Why Staying on the Trail Is Bad for Nature

A woman and her young children hike through a grassy field in Pleasant Valley Preserve near the Eightmile River in Lyme, Connecticut. Photo © Jerry Monkman

Stay on the trail. Look, don’t touch. Take only photographs, leave only footprints.

These and similar rules have become a standard component of a refined environmental ethic; any reasonable outdoor education class is going to emphasize them.

I have a confession to make: As a kid I violated every one of those rules, frequently and without guilt. It made me a conservationist.

I roamed freely through the woods and fields. I caught lightning bugs. I turned over rocks to find crayfish. I trapped tadpoles in cups. I followed animal tracks. I built forts and dammed creeks. I dug holes. I chased things.

None of this lessened my respect for the natural world. Quite the opposite. Instead, I wanted to spend every minute I could out there. It started a lasting love for wild things and wild places that has never abated. I suspect I’m not alone in this.

In contrast, a lot of today’s outdoor education focuses on facts, often presented in the context of the earth’s doom and gloom future. An underlining message of this is that nature is separate from humanity and oh-so fragile, something we must never mess with. While the information may be alarming, it’s hardly the way to instill love. It instead makes nature boring, even dreary.

You probably have heard the complaints that kids are not playing outside, are not interested in the natural world. There’s even a term for this, coined by Richard Louv: Nature Deficit Disorder. And yet we insist on putting barriers up so that kids will not want to play in nature. I believe that free and wild play in nature is one of the missing ingredients in building a viable, effective conservation movement.

A young boy gathers cones near Mineral King Ranger Station in Sequoia National Park in California to celebrate the National Park Service’s Centennial. Photo © Nick Hall

I’m not alone. Paleontologist and science communicator Scott D. Sampson spends a lot of time on this in his excellent book How To Raise A Wild Child. He notes:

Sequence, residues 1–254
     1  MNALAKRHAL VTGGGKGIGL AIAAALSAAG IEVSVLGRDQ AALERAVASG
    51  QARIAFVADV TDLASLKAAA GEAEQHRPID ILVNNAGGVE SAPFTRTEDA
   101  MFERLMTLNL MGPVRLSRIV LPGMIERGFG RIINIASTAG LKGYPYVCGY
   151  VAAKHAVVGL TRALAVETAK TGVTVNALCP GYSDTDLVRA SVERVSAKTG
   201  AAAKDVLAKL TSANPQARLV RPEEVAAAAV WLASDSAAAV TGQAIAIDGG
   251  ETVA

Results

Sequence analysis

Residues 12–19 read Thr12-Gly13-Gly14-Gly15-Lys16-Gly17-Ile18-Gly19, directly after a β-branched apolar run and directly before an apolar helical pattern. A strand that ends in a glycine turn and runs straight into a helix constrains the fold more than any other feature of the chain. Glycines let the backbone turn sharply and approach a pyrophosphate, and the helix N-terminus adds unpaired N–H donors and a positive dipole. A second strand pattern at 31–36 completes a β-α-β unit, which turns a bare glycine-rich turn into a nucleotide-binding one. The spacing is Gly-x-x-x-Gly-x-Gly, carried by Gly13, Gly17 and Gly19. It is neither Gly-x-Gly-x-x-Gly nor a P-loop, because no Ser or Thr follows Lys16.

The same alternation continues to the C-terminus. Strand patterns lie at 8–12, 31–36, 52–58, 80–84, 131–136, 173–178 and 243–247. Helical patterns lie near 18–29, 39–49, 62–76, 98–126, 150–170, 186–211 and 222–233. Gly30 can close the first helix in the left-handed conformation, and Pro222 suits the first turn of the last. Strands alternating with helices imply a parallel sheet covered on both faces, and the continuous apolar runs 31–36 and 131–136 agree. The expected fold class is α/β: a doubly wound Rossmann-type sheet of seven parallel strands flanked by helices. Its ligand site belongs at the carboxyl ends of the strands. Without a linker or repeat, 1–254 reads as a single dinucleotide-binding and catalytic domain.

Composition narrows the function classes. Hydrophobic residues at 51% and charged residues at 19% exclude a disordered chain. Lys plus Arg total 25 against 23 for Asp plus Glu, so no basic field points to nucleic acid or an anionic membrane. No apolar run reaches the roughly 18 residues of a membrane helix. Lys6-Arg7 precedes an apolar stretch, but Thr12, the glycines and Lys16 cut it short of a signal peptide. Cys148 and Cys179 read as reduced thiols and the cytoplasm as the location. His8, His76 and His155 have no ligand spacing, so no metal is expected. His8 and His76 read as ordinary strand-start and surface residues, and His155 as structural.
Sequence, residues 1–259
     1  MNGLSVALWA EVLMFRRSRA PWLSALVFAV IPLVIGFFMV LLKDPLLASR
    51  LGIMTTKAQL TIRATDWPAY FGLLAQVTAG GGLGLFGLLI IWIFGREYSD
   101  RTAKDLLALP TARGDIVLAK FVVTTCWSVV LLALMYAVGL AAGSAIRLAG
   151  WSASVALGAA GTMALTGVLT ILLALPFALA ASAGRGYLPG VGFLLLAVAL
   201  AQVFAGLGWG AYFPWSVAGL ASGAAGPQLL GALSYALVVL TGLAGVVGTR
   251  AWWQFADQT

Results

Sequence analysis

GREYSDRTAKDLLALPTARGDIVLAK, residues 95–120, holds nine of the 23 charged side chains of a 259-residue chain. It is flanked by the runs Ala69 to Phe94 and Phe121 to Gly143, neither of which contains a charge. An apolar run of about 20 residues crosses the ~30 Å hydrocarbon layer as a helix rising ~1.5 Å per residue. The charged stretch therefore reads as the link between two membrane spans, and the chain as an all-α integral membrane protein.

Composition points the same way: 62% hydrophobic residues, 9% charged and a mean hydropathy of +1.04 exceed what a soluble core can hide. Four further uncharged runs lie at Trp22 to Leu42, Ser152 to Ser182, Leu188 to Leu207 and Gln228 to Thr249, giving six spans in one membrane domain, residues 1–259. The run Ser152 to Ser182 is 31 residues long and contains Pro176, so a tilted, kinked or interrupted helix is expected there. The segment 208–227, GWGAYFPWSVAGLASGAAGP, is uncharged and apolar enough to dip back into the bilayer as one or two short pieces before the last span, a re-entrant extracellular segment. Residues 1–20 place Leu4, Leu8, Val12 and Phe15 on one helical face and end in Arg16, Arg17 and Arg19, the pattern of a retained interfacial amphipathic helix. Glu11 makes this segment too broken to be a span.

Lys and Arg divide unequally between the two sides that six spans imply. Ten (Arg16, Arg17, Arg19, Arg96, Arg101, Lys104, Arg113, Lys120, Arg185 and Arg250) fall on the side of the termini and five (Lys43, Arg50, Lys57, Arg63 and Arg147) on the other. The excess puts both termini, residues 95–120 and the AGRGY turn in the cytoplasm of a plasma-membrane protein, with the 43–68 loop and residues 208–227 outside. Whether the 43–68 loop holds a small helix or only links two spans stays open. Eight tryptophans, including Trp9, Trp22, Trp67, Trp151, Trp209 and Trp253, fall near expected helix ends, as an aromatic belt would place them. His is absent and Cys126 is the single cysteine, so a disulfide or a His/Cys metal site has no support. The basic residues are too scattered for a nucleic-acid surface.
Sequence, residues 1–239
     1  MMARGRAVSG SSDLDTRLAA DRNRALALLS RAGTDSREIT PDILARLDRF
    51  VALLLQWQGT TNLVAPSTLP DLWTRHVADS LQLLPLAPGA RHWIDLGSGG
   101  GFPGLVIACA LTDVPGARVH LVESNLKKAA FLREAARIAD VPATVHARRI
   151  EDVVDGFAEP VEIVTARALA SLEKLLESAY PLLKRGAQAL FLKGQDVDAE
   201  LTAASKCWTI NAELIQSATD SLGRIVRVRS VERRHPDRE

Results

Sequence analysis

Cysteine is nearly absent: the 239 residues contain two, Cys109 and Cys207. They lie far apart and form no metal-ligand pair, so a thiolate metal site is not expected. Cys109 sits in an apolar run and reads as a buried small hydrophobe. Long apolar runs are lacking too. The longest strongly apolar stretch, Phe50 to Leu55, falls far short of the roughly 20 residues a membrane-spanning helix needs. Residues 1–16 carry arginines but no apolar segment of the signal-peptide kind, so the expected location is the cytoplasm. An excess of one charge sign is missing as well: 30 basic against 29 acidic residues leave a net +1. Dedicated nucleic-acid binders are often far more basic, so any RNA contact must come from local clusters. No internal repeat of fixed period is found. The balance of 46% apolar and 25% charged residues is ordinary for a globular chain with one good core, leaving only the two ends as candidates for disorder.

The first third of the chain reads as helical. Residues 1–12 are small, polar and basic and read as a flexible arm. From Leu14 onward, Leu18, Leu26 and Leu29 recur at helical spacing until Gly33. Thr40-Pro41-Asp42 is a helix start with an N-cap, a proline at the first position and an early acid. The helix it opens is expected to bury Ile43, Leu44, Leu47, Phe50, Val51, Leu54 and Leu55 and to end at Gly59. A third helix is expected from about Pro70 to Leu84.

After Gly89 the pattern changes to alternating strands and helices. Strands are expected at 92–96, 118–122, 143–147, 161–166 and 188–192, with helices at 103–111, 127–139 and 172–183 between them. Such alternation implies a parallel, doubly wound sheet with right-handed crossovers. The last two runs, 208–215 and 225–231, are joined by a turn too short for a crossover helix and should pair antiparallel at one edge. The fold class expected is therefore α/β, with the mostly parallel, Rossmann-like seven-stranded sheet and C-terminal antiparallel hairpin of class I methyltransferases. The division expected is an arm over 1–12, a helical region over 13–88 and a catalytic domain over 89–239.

“Fearing that we must protect nature and kids at all costs, we often do more harm than good. Nature connection depends on firsthand, multisensory encounters. It’s a messy, dirty business – picking leaves and flowers, turning over rocks, holding wriggling worms, splashing in ponds. Lacking such experiences, children’s growth is impoverished and they’re unlikely to care for, let alone protect, natural places.”

Conservation writer Emma Marris says that many of these well-intentioned rules endanger “the simple, unsupervised messing about in the woods that so many older adults remember fondly.”

In an article for Slate magazine, Marris writes of a boy who gets in trouble for taking gravel from a state park. Another ranger sees this and realizes, “More than feeling empowered or excited to protect the natural world, now he is going to associate going to state parks with getting into trouble.”

Children search for aquatic life in the river at Davis Bend Nature Preserve in Hart County, Kentucky. Photo © Mike Wilkinson

I can already hear the protestations: One kid catching frogs may not hurt anything, but what if every kid did it? Can’t you see the damage caused by unauthorized trails ripping through the wilderness? Doesn’t the natural world have enough to deal with without a bunch of people trampling it?

Such questions raise valid points, of course. Certainly no one advocating a more hands-on approach to nature believes that every national park should be a “free for all” where kids and adults do whatever they want. Conservationists like Sampson and Marris never suggest kids pick endangered wildflowers or rip up sensitive habitats.

As kids, my brother and I caught and kept pet turtles. I would not do that with my son. With many turtle species in decline, keeping them as pets cannot be justified. In an increasingly crowded world, the reality is that there has to be regulations to protect wild things and wild places.

At one point in Yellowstone and other national parks, feeding bears was a favorite way to “connect” with nature. Today, we recognize that this activity is just plain stupid. It results in dead bears and dead humans. I’m not suggesting that everything we did in nature in the “old days” is justifiable today. Far from it.

John Helzer looks at a plains garter snake found on a gravel road on a warm spring day. Photo © Chris Helzer/TNC

But what I see is this: For many environmentalists, the “look but don’t touch” philosophy has become a rule for its own sake. It doesn’t matter if a habitat is full of rare species or a weed-infested hillside, kids should not bother nature. Ever. And this indeed does more harm than good.